The Travels of Mr. Fowler

The Fowler flap was invented around 1920 by one Harlan Davey Fowler, an engineer who was then in the employ of the U.S. Army. An internet search for his name turns up, in addition to various references to his accomplishments in aeronautical engineering, a volume on the use of camels -- the two-humped variety -- as pack animals in the old West (Three Caravans to Yuma: The Untold Story of Bactrian Camels in Western America) and another on certain aspects of Christianity (Behold the Flaming Sword). I don't know whether all these are the work of the same person, though there is no reason why a man cannot be an engineer, an historian and a religious adept in one lifetime. But there is also no reason two people cannot be named Harlan Davey Fowler. At any rate, I am less concerned with Fowler's camels and swords than with his flaps.

The historical context is interesting. John Anderson of the Smithsonian, and other historians of aeronautics, have pointed out the curious lack of connection between the evolution of early aircraft designs and the pure science that anticipated them by many years. Theoretical aerodynamicists had scant contact with the designers and builders of actual airplanes. Flow phenomena had been studied in the laboratory decades before they were encountered anew on the flying field by scientifically illiterate builders and pilots; on the other hand, it sometimes happened that innovations were investigated in the laboratory only after they had appeared in the field. The development of lift-enhancing flaps displays that irregular intercourse between workshop and laboratory.

The evolution of flaps progressed with surprising speed, considering that most airplanes of the time landed at a slow trot and scarcely needed high-lift devices. The precise origins and dates of many advances in early aviation are disputed, but by some accounts the trailing-edge flap was invented in 1908, as a control device, by Henri Farman, a Frenchman born in Paris of British parents. Farman may have hoped to make an end run around the extremely vigilant and litigious Wrights, who had patented their idea of wing warping and claimed, rather grandiosely, to own the whole idea of roll control of any sort. Hinged trailing-edge flaps deflecting differentially -- what we now call ailerons -- were more practical than wing warping for roll control -- even the Wrights adopted them in due course -- and they evolved rapidly during the First World War. By the war's end the ailerons, and indeed the entire wing, of one design, the Fokker D.VIII, were scarcely distinguishable from modern ones.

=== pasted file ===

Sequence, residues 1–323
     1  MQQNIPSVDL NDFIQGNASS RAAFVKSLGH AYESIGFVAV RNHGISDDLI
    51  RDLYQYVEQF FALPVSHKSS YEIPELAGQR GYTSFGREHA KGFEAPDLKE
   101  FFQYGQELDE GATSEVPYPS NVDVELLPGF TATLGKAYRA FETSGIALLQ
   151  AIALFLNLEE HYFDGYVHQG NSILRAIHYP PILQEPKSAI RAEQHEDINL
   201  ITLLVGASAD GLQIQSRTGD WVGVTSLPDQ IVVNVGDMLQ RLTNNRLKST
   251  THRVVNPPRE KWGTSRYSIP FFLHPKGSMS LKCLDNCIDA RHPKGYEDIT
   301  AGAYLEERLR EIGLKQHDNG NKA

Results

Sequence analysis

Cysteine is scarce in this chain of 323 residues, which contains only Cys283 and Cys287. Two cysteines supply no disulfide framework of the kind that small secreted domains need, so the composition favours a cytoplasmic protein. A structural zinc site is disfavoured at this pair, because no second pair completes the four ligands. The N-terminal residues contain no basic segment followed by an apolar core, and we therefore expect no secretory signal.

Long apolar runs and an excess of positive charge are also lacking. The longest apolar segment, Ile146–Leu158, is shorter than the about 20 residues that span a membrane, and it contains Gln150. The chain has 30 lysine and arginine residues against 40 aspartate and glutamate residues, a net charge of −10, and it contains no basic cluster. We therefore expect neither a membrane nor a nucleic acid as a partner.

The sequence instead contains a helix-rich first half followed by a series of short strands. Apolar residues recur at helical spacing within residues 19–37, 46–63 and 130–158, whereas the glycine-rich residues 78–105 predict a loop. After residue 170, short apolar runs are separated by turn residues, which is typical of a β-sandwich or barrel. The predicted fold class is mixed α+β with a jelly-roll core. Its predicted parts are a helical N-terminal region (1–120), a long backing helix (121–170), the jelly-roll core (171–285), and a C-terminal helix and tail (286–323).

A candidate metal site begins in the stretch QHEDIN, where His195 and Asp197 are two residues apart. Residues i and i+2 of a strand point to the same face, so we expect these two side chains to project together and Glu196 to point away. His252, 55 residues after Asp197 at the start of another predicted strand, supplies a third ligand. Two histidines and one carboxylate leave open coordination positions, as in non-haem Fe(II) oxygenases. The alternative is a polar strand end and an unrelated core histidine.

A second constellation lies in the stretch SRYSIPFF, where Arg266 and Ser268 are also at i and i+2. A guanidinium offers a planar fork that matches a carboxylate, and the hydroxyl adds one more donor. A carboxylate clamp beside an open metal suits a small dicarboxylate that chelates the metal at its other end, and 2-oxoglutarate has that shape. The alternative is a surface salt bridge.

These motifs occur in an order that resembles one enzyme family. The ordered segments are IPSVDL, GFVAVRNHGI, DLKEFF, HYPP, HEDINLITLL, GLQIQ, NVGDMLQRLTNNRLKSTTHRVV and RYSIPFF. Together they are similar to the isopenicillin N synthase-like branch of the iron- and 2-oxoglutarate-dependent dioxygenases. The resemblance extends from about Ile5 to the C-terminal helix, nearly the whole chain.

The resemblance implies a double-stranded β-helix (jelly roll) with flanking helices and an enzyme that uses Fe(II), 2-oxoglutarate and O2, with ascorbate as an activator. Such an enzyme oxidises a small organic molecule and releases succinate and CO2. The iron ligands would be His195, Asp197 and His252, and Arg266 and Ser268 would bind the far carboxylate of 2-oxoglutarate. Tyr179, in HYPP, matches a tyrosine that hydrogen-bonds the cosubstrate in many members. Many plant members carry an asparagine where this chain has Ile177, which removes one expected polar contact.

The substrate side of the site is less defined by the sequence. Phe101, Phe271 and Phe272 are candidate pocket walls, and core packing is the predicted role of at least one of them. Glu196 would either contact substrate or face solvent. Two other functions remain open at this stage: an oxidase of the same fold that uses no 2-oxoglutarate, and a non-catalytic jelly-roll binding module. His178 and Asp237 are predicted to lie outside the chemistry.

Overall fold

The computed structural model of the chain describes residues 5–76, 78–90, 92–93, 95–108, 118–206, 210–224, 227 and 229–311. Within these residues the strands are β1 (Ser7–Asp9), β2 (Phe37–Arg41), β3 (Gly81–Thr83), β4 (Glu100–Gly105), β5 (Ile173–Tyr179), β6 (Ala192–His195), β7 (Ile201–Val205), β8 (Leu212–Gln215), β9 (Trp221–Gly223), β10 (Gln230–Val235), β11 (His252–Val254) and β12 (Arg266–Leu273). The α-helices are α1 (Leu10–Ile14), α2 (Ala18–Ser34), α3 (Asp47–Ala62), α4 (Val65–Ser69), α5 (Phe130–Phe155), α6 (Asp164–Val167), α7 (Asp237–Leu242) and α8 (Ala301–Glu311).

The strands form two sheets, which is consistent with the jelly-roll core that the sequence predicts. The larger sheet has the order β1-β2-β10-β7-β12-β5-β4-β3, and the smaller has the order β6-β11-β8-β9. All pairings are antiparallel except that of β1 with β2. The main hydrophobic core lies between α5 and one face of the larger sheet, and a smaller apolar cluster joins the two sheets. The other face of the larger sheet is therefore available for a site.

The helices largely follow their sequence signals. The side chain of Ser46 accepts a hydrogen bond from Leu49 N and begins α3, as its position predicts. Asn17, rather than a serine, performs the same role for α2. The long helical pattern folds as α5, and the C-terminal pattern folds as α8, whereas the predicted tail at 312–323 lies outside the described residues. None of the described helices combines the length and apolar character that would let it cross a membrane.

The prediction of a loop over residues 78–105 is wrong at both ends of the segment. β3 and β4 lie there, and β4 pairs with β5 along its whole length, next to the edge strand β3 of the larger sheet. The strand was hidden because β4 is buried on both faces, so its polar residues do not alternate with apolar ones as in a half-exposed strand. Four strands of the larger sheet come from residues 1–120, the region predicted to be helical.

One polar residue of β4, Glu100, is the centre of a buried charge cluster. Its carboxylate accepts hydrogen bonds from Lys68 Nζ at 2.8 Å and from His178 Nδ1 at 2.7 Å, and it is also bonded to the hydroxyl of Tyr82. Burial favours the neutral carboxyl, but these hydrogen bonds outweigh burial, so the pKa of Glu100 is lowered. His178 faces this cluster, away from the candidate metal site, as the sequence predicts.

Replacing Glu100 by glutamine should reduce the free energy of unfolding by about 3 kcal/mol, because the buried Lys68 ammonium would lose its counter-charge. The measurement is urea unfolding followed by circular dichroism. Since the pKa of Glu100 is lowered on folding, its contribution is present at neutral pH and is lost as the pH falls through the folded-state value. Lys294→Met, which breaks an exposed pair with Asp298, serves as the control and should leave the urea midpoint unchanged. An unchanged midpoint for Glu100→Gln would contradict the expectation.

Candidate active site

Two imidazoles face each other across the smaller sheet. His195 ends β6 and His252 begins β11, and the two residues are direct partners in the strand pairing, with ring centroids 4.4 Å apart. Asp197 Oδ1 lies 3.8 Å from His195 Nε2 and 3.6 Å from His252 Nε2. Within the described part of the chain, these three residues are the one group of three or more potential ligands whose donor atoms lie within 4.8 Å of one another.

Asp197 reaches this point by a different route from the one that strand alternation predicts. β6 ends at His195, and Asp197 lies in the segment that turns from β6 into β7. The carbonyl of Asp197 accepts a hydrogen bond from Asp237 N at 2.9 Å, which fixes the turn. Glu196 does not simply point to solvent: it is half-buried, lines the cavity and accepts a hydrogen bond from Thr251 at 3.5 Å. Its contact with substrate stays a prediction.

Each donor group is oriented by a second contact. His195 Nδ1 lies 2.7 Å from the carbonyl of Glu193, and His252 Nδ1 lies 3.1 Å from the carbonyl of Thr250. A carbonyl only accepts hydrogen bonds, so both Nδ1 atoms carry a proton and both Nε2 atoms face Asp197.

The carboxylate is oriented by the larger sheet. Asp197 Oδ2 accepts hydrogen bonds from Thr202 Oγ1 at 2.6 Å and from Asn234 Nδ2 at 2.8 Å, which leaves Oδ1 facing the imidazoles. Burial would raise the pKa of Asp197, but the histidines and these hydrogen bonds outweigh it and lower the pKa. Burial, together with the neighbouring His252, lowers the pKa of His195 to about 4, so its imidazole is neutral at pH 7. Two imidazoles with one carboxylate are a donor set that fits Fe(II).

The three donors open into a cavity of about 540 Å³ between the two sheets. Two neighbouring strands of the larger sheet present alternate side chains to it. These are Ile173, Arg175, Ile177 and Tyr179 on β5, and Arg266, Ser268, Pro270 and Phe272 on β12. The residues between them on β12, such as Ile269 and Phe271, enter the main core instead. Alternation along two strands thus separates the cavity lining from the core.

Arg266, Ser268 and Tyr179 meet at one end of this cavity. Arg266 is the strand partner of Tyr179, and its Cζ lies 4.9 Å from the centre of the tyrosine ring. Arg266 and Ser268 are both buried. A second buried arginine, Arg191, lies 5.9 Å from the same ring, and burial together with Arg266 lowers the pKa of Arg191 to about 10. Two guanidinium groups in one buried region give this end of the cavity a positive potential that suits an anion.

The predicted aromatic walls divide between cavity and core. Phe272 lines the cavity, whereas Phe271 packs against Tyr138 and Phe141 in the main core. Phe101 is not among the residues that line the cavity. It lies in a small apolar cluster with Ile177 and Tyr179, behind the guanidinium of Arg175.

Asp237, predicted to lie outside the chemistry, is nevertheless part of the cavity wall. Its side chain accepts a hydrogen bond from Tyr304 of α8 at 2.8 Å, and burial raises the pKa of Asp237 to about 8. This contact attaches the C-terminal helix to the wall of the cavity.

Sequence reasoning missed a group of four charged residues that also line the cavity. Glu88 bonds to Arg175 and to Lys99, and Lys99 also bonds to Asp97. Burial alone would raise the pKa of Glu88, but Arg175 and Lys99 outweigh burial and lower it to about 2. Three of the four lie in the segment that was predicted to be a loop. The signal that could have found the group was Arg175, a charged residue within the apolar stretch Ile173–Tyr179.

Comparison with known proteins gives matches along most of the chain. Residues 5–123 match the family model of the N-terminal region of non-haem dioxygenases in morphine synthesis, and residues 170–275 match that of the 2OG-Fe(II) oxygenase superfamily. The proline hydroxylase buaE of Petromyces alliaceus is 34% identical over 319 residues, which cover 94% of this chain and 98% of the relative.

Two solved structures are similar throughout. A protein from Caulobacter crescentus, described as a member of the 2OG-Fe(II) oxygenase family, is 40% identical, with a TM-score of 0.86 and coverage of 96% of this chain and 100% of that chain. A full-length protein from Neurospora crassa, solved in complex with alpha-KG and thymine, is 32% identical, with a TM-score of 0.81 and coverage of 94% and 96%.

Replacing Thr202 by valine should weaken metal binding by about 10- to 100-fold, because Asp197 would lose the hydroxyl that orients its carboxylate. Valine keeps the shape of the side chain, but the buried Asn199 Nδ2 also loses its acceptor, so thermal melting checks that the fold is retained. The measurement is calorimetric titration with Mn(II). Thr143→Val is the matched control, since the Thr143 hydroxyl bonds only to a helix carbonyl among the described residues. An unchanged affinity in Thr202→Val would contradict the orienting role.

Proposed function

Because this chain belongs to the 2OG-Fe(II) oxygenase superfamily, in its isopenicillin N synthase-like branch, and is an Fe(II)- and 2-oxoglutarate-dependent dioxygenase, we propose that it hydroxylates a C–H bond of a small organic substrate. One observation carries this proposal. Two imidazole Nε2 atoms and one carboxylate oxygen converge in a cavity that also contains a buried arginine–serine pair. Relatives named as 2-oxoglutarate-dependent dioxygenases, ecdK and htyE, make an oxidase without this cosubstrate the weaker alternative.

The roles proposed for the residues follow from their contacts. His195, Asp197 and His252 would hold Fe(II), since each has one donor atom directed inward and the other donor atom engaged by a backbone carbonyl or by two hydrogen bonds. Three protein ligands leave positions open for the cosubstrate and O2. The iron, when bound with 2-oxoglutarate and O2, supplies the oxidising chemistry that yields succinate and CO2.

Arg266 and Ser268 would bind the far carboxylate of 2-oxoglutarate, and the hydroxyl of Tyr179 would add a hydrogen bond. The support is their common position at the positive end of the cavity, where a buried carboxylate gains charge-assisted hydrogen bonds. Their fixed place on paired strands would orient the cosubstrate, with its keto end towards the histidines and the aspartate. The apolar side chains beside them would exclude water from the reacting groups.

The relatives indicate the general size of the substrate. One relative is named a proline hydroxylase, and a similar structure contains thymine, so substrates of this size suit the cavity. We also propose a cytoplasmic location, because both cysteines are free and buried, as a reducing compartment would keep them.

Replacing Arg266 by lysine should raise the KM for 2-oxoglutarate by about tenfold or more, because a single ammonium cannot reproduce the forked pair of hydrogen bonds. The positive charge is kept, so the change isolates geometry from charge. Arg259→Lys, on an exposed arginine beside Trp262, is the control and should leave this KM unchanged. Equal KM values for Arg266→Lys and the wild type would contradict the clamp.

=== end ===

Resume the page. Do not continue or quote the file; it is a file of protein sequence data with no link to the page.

The idea of deflecting flaps downward on both sides of the airplane in order to increase lift and reduce landing speed originated with Britain's Royal Aircraft Factory in 1914. It did not gain much traction at first, though one British manufacturer, Fairey, began incorporating flaps in its production airplanes in 1916. As wing loading and landing speeds increased, however, lift-augmenting devices came to be of greater and greater interest.